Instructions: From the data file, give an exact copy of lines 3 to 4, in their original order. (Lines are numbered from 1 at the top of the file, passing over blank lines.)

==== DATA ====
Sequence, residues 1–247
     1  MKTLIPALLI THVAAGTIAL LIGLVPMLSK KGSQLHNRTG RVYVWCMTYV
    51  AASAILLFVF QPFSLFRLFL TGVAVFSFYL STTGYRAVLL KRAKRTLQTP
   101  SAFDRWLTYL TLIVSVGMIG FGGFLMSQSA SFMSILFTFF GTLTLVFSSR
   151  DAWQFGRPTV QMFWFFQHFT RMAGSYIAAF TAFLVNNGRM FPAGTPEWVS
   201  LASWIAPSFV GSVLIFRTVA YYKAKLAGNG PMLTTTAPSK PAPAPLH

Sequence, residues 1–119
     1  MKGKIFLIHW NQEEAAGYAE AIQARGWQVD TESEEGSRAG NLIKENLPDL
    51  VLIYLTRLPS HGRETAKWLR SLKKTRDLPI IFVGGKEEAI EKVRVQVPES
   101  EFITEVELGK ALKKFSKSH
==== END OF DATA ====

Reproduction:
    51  AASAILLFVF QPFSLFRLFL TGVAVFSFYL STTGYRAVLL KRAKRTLQTP
   101  SAFDRWLTYL TLIVSVGMIG FGGFLMSQSA SFMSILFTFF GTLTLVFSSR